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Introduction to Coordinate Measuring Machines

  Today’s Coordinate Measuring Machines (CMMs) offer unprecedented speed, accuracy, and flexibility for dimensional metrology, data collection, and geometric or statistical analysis. From the smallest job shops to the largest multinational corporations, CMMs have become essential tools for achieving quality. But the capabilities and limitations of CMMs vary tremendously from one machine to another.

Introduction to Coordinate Measuring Machines provides an overview of all aspects of selecting and using CMMs. Representative examples of all types of CMMs, from a wide variety of manufacturers, are discussed. The Seminar includes the latest information on manual and computer controlled machines at every level of sophistication. The content can be customized to include information on the specific machines that are of interest to your company.

Introduction to Coordinate Measuring Machines is oriented toward Managers, Supervisors, Operators, Engineers, and Quality Professionals. It consists of six instructional units and requires approximately eight hours for presentation. Participant materials include copies of selected illustrations and reprints of key Coordinate Measuring Machine articles and technical papers. Various presentation schedules are available to meet your requirements.

Please contact us to learn how to make better use of existing CMMs, how to understand their capabilities and limitations, and how to make better purchasing decisions on upgrades or new machines.

To download the data sheet for this program, please click here. (PDF 88 KB)

Seminar Outline:

Unit 1 - Elements of Modern CMMs
• Introduction
• Typical Coordinate Measuring Machine
• Probes and Probing Systems
– Hard Probes
– Electronic Probes
– Noncontact Probes
• Super Structures
– Fixed Horizontal Arm
– Moving Horizontal Arm
– Column
– Cantilever
– Fixed Bridge
– Moving Bridge
– L-Shaped Bridge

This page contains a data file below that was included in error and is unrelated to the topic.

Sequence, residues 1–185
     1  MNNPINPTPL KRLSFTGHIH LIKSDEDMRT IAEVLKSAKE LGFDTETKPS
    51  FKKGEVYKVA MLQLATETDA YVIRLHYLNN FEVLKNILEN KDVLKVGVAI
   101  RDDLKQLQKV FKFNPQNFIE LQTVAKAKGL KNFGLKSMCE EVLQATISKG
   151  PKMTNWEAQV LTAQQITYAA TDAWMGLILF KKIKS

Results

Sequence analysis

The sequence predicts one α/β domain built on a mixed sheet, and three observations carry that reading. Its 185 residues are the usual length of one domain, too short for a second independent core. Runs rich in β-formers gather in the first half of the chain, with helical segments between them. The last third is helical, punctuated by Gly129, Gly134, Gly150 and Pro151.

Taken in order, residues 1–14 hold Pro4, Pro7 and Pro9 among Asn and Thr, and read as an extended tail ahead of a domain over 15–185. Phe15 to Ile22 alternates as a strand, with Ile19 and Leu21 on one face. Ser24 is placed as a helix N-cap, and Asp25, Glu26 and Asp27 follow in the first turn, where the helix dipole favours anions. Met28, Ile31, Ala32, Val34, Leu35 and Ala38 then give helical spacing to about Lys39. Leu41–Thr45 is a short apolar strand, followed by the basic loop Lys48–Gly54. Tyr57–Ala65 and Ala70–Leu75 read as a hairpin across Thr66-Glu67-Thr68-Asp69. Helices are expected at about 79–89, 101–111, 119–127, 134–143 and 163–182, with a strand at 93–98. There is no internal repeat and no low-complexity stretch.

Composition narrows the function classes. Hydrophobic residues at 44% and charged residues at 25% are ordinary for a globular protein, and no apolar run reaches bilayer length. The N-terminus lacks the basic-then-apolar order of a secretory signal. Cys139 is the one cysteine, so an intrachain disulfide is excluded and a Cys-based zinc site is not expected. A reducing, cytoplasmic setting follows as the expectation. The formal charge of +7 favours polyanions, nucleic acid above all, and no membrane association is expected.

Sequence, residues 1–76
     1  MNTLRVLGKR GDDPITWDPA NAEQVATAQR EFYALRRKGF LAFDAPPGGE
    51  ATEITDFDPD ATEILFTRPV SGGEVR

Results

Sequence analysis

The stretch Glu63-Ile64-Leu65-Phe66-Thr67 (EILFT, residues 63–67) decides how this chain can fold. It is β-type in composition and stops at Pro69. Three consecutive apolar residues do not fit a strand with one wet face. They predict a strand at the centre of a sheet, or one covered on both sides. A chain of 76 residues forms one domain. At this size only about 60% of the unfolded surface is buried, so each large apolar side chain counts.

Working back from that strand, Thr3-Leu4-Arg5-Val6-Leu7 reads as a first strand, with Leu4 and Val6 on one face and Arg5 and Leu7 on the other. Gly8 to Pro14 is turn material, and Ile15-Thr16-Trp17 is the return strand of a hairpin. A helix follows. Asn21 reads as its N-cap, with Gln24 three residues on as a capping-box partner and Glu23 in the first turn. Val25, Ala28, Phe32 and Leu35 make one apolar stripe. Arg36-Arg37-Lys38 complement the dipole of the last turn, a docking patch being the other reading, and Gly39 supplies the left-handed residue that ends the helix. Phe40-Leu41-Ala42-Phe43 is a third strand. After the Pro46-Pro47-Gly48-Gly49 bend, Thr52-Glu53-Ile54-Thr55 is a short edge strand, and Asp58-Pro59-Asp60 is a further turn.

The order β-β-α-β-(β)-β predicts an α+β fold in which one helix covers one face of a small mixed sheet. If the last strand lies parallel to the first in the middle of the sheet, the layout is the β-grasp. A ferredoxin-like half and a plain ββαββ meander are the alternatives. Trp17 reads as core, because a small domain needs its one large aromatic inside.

– Gantry
– 4th Axis
– 5th Axis
• Measuring Systems
– Glass Scales
– Reflective Scales
– Rack and Pinion/Rotary Encoders
– Farrand Inductosyn
– Magnetic Scales
– Laser Interferometers
• Readout Systems
– Analog Devices
– Digital Readouts
• Computer Systems
– Smart Readouts
– Desktop Computers
– Minicomputers
– Mainframe Computers
• Software
– Printout Only
– 1 Dimensional Functions
– 2 Dimensional Functions
– 2 1/2 Dimensional Functions
– Solid Geometric Functions
– Curve Fitting
– Plotting
– Statistics
– CAD/CAM/CIM

Unit 2 - Coordinate Measurement
• Coordinate Systems
– Absolute Coordinate Space
– Working Planes of the Machine
– Workpiece Coordinate Systems
– Problems With Angle Measurements
• 2 Dimensional Measurement
– 2 Dimensional Measurement Assumptions
– Hard Probe Methods
– Smart Readouts and Hard Probes
– Desktop Computers and Hard Probes
– Summary of 2 Dimensional Measurement
• 2 1/2 Dimensional Measurement
– Assumptions
– Electronic Probes
– Smart Readouts
– Desktop Computers
– Software Considerations
– Summary of 2 1/2 Dimensional
Measurement
 

Unit 3 - Solid Geometric Measurement

• Geometric Elements
– Point
– Line
– Circle
– Plane
– Ellipse
– Sphere
– Cylinder
– Cone
• 3 Dimensional Coordinate Systems
– Normal to a Plane
– Axis of a Cylinder
– Axis of a Cone
• Combinations of  2 Dimensional Elements
– Distance Between Points
– Distance Between Lines
– Point of Symmetry
– Intersection of Lines
– Intersection of Line and Circle
– Intersection of Circle and Circle
– Patterns of Features
• Combinations of 3 Dimensional Elements
– Intersection of 2 Planes
– Intersection of 3 Planes
– Intersection of Cylinder and Plane
– Intersection of Cone and Plane
– Intersection of Cylinder and Cylinder
– Intersection of Cylinder and Cone
– Intersection of Cone and Cone
– Plane of Symmetry
• Summary of Solid Geometric Measurement

Unit 4 - GDT and the CMM

• Interpretation of Drawings
– Drawing Specifications and Systems
– Translating Drawing Specifications to
Workpiece Coordinates
– Problems With Drawings
• General Principles of GDT
– Limits of Size
– RFS, MMC, and LMC
– Virtual Condition
• Symbology
• Notes
• Geometric Tolerance Symbols
• Feature Control Frames
• Datum Referencing
– Datum Features
– Establishing Datums
– Datum Targets
• Tolerances of Location
– Positional Tolerancing
– Feature Pattern Location
– Projected Tolerance Zones
– Noncircular Features
– Coaxiality
– Symmetry
• Form, Profile, Orientation, and Runout Tolerances
– Form Tolerances
– Profile Tolerances
– Orientation Tolerances
– Runout Tolerances
– Free State Variation
• Summary

Unit 5 - Human Factors and the CMM

• Measurement Strategy
– Dependence on Capability of CMM
– Importance in Achieving Accuracy
– Importance is Saving Measurement Time
• Manual Machines
– Operator Technique with Hard Probes
– Operator Technique with Electronic Probes
– Tips for Improved Accuracy in
Measurement
• Driven Machines
– Joystick Control Technique
– Speed at Probe Contact
– Forces Exerted on the Workpiece
• Probe Qualification

Unit 6 - Measurement Uncertainty
• Individual contributors
– Probing Systems
– Super Structures
– Measurement Systems
– Readout Systems
– Computer Systems
– Software
– Environment
– Operator
• Accuracy Evaluation
– B89
– CMMA
– Simple Artifact Tests
• Active Compensation
– Mapping
– Summary
 


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Last modified: January 02, 2013